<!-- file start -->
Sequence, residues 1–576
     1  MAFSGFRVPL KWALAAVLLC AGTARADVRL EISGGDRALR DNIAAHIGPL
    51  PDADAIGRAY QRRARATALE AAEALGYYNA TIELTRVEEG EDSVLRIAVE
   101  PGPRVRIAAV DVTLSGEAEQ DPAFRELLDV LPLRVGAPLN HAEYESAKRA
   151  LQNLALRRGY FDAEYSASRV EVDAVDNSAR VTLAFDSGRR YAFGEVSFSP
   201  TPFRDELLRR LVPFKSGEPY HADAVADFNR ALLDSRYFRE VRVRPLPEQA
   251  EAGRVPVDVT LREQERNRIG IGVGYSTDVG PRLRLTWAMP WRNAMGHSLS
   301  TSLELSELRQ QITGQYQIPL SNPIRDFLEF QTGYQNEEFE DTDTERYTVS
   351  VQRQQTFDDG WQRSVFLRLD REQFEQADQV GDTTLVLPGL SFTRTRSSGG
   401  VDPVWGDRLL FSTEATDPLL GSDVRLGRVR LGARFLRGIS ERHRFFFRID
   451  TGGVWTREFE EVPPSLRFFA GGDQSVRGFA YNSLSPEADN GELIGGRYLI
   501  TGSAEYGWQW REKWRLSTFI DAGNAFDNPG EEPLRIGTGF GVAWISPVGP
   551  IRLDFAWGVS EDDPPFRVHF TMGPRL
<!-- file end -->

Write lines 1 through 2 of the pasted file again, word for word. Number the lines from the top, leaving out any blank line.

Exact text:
Sequence, residues 1–576
     1  MAFSGFRVPL KWALAAVLLC AGTARADVRL EISGGDRALR DNIAAHIGPL